Sunday, June 22, 2008
The 8 Count
These past few weeks have felt like a macrocosm of the first round in my second amateur match. I suppose the best way to describe my opponent was how the friends I invited thought, "Damn, I hope Nick isn't fighting that guy", as they watched him viciously rip punches into the heavy bag during his warm-up drills. Even I had thought I walked into the wrong bout when I saw his stout, stocky figure looming across from me during the ring introductions.
About 1 min into the fight I went down on a left hook, so hard that when watching the replay, a woman nearly fell out of her seat in shock. As I rose, I remember not feeling disappointed for myself, but rather embarassment for letting down all those I had invited. Therefore I continued. It was the first time I felt my body doing the exact opposite of what my mind was telling it. I wanted to quit. Instead I kept throwing until the bell signaled my survival. I walked back to my corner, bloodied and dazed; unsure what awaited me in the next round.
I've been hesistant to write this entry with confidence, afraid that another stroke of bad luck might strike me down again, but i'm starting to feel my legs back under me. I realize I was trying to jusitify that what I learned was worth what I lost, trying to make things "OK" too soon, like a fighter who jumps up after a knockdown instead of taking the full 8 count.
I am still hurt by my losses. It saddens me to watch the tanline on my finger disappear from wearing a ring that was gifted to me by my Moroccan friend Mohammad. Seeing necklaces brings a painful reminder of my former friend Afrose, who gave me something to protect me, though it seems to fail against my own negligence. The absent sound of colliding beads from the braclet Thao-Chi gave me represents how I've been feeling as of late, and Sergio told me the expired dog-tags he gave me represented the times he was happiest. God, it hurts to type and say that out loud.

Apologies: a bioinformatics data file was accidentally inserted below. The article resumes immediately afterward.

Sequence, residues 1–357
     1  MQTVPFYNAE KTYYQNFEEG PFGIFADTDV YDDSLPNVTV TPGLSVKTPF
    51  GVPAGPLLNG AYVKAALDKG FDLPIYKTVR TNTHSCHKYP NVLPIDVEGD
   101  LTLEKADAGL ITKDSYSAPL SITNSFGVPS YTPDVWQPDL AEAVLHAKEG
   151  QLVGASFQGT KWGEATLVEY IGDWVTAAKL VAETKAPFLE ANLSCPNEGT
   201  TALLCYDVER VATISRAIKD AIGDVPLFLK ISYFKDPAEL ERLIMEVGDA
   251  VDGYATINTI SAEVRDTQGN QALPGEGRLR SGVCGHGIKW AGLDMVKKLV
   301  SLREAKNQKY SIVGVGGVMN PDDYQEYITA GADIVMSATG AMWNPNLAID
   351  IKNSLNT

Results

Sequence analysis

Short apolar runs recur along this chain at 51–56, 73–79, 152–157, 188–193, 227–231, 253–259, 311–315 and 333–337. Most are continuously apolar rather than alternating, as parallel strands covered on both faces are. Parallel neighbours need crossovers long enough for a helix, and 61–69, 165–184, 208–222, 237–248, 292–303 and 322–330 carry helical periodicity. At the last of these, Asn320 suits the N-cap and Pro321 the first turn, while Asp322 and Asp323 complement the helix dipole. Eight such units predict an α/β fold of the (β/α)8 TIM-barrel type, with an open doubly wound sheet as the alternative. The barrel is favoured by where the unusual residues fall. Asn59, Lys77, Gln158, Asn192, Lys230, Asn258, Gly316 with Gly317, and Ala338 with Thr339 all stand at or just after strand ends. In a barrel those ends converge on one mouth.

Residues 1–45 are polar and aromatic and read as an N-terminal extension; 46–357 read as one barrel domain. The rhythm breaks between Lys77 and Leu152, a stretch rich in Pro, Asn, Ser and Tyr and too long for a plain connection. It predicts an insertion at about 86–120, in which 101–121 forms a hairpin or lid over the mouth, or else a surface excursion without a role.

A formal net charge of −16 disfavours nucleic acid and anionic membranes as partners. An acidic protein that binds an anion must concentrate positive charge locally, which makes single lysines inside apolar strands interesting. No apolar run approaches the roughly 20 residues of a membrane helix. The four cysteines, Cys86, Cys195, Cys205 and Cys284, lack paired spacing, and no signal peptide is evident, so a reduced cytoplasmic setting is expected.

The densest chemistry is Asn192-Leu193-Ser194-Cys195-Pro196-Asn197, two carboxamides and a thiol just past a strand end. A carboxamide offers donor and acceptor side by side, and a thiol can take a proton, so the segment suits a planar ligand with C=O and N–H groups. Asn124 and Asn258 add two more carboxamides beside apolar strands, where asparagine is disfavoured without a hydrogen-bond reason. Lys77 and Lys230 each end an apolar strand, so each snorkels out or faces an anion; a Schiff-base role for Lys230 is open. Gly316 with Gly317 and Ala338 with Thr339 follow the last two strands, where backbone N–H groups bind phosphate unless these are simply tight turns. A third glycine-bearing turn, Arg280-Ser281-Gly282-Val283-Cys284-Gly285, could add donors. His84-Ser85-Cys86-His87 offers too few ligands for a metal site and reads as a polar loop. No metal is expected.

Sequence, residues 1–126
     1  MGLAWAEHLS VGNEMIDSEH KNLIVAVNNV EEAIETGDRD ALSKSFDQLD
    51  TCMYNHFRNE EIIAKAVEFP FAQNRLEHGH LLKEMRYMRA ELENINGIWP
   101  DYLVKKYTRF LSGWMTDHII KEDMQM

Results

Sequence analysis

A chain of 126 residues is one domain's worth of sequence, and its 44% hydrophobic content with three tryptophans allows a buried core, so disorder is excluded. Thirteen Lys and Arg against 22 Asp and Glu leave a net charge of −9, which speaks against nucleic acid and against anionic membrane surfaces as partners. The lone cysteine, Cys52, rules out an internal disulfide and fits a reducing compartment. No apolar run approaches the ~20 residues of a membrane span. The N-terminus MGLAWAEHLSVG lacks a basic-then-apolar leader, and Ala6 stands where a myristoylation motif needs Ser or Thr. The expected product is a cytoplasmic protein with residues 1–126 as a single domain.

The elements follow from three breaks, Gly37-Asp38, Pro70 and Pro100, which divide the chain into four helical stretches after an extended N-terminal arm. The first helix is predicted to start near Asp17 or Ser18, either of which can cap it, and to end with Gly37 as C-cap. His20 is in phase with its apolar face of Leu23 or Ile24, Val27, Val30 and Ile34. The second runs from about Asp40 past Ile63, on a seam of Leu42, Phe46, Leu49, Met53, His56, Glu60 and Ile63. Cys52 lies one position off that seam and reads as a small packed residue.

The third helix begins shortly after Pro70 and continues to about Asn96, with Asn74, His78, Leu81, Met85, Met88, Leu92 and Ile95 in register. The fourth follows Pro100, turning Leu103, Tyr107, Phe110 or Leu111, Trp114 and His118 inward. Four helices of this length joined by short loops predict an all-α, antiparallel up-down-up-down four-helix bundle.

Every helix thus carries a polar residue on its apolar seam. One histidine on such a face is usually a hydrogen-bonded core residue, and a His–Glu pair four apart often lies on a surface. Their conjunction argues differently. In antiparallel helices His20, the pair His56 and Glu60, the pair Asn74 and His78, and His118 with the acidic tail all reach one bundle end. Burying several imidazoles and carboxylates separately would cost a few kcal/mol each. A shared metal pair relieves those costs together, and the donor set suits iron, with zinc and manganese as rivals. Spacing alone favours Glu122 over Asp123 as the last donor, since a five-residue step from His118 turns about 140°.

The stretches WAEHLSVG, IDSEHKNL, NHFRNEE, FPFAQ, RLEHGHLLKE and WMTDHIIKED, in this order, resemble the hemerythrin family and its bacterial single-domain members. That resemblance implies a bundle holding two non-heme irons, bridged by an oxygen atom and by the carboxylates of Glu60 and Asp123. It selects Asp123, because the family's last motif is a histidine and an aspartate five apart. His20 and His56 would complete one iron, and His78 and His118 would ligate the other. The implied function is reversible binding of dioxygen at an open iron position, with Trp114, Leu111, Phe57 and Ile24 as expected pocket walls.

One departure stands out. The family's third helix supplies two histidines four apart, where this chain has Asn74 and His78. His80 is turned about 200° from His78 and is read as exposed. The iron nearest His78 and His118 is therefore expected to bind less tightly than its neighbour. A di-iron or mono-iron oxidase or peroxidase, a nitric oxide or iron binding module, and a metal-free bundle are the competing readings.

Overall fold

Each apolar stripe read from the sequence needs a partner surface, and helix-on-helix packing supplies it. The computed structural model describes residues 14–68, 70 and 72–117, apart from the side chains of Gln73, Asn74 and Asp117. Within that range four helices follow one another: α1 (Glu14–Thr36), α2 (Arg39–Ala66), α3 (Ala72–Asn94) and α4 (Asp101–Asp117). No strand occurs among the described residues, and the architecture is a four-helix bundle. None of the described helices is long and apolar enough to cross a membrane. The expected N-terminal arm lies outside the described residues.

But when I emailed him an apology, he simply sent a reply with the subject line, "Things Happen!" and was just grateful that I was safe. Akey told me that these things were irreplaceable, but in the end, they are just that, things. He said the people and memories they represented was what mattered and the important thing is that I haven't lost them.
I ended up winning the fight by a come-from-behind TKO in the second round. At this point I would be lucky to just finish the fight, though I'm not quite sure what that translates to in the context of traveling. I think I've figured out reasons for all my losses, all but the gifts from those most important to me. Perhaps in some ways it was to teach me to deal with loss, but in many, more sensible ways, it just reminded me how irresponsible I was. The one thing I am proud of is that through all of this I never vented my anger outwards, it was always towards myself. If anything, I am more unsure of my decisions and need to learn to trust myself again, rather than the places I am going to.
I've debated back and forth on cutting my trip short and coming home, but on a bit of a whim, I've decided to continue and follow the Colombian boxing team to Venezuela for an amateur tournament. I couldn't have made that decision without the unconditional support from my friends and family pushing me on. I feel like I can keep going, though on unsteady legs, like a battered boxer backed against the ropes, foolishly waving his opponent in; a tell-tale sign that a fighter is hurt, but ultimately, still ready for more.